The glass run in adapted to receive a member 42 between the side walls 14 in pressure engagement with the ribs 24. The member 42 may be, for example, a tongue secured to a window sash frame or a tongue secured to a window frame. It may also be a section of unframed glass.

As may be seen in FIG. 2, the member 42 deflects the flanges 18 out of their normal position so that a sealing engagement is formed between the ribs 24 and the member 42. This seal is desirable to keep foreign matter out. For example, the passage of air around a window joint is always a problem, particularly with windows used in vehicles which travel at high speed. The provision of a plurality of ribs provides a plurality of restrictions to the passage of air. As in the case of any gas, there will be a pressure drop across each restriction. The pressure drop across the first restriction is, of course, designed to be very high. Consequently, any air which does pass by the first rib will be under a greatly reduced pressure. Therefore, very little of this air will pass through the second restriction. The number of ribs provided on a particular glass run will depend in large measure on the conditions under which the glass run is to be used. If the glass run is to be used on a window installation in an airplane, it would likely be desirable to provide the four restrictions shown. However, if the glass run is to be used on a fixed structure such as a house, two restrictions would likely be sufficient.

The purpose of tapering the flanges 18 may be understood by a consideration of the deflection which they undergo and the physical characteristics of the plastic material from which they are fabricated. Organic polymeric materials, such as the preferred polyvinyl chloride, have relatively low elastic limits. Consequently, when bending such materials, provision must be made to avoid permanent deformation, which in the present invention would result in a defective window seal. As may be seen in FIG. 2, the portions of the flanges 18 remote from the attachment point 22 undergo the greatest deflection. However, the strain of these portions is reduced by reducing the thickness of the material. Reduction in strain reduces the possibility of exceeding the elastic limit because strain is directly related to this factor. Secondly, by tapering the wall thickness, the flanges are caused to bend along their entire length rather than at a single point. The consequence is that the strain will be distributed over the entire flange rather than at one point. Such distribution also lessens the possibility of exceeding the elastic limit of the material.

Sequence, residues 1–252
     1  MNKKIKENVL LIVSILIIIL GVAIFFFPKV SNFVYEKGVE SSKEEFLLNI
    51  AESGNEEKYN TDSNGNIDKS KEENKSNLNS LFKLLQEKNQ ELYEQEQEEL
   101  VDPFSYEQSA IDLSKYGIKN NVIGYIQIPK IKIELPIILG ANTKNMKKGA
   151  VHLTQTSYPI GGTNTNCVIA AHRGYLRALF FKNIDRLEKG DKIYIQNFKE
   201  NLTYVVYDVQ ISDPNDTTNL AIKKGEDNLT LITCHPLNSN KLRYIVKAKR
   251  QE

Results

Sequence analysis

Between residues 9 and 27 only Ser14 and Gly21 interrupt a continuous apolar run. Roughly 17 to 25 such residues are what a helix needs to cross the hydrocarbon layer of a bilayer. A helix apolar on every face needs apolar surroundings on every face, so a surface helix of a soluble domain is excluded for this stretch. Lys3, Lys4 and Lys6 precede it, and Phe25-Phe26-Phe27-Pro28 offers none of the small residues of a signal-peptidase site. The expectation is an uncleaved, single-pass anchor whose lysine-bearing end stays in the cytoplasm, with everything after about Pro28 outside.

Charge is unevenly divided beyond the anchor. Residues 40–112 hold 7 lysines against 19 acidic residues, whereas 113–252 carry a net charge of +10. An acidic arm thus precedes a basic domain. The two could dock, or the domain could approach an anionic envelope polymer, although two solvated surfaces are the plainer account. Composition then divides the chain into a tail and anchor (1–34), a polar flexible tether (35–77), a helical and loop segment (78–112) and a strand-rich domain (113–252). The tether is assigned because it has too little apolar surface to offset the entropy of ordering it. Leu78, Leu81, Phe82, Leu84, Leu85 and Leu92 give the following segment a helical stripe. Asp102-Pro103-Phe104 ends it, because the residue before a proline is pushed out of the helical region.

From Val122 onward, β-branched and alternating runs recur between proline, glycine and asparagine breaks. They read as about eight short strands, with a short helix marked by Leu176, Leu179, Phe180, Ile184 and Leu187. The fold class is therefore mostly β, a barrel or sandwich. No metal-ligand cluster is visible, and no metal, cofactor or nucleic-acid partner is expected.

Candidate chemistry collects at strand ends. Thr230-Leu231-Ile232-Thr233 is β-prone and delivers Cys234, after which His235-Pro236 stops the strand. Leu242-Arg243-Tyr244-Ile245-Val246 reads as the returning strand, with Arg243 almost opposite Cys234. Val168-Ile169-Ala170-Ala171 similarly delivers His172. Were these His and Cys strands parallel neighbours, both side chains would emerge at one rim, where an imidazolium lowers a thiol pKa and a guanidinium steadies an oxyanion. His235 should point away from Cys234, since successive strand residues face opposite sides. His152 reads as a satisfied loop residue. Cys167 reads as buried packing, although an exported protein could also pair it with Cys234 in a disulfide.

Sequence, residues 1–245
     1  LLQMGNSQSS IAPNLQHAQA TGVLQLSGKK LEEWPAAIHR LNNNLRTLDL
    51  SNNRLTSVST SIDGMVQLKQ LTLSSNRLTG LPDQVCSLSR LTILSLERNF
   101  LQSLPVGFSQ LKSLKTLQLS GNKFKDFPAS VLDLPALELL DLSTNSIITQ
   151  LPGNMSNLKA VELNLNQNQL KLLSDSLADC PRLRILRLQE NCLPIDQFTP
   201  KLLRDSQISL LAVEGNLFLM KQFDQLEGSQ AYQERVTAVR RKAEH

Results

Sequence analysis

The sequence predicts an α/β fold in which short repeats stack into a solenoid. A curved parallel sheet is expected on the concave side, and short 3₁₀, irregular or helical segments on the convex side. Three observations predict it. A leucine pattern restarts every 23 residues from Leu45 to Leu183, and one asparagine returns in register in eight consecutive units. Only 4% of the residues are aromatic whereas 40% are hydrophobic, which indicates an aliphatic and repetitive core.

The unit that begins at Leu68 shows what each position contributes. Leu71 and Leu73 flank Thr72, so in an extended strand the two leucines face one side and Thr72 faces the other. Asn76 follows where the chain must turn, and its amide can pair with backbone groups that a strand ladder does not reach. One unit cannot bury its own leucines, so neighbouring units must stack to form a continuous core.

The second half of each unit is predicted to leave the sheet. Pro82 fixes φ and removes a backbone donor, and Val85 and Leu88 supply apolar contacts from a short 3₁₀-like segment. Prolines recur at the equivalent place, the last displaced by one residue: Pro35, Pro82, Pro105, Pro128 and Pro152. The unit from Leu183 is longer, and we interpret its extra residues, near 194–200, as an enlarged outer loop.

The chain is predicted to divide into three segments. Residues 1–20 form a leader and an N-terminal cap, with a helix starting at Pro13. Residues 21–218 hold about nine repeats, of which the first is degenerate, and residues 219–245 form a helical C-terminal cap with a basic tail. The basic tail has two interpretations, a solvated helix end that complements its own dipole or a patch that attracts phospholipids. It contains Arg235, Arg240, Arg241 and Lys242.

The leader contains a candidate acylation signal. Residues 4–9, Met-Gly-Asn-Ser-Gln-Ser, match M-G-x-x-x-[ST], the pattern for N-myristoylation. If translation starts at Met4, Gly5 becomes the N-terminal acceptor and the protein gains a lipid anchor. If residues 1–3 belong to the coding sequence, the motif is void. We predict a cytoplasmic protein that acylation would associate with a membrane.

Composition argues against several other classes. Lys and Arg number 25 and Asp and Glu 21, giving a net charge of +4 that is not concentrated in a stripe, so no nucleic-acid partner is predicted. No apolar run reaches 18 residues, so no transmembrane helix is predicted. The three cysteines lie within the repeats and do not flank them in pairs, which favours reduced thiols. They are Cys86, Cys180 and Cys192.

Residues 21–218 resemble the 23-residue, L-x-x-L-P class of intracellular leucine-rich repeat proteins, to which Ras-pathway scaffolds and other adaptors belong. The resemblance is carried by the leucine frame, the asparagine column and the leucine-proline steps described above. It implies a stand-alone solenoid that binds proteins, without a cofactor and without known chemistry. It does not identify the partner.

The combination of the glass run 10 with a horizontally slidable window is shown in FIG. 3. A window glass 44 is mounted in a window sash frame 46. The sash is slidably mounted in a window frame track 48 by means of a tongue 50 provided along one outer edge of the sash. As will be appreciated, a similar arrangement is provided on the upper portion of the window not shown in the figure. The track 48 comprises a retaining-channel 52 carried on a support element 54. A glass run is mounted within the channel in the manner illustrated in FIG. 2. The window construction is also provided with a vertical track member 56 which also carries a glass run 10. The vertical portion of the window sash frame also has a tongue insertable into the vertical track member. As will be readily appreciated, the sash may be slid horizontally along the track 48 to open or close the window. Upon closing, the vertical track 56 receives the vertical tongue to provide a continuous seal around the window.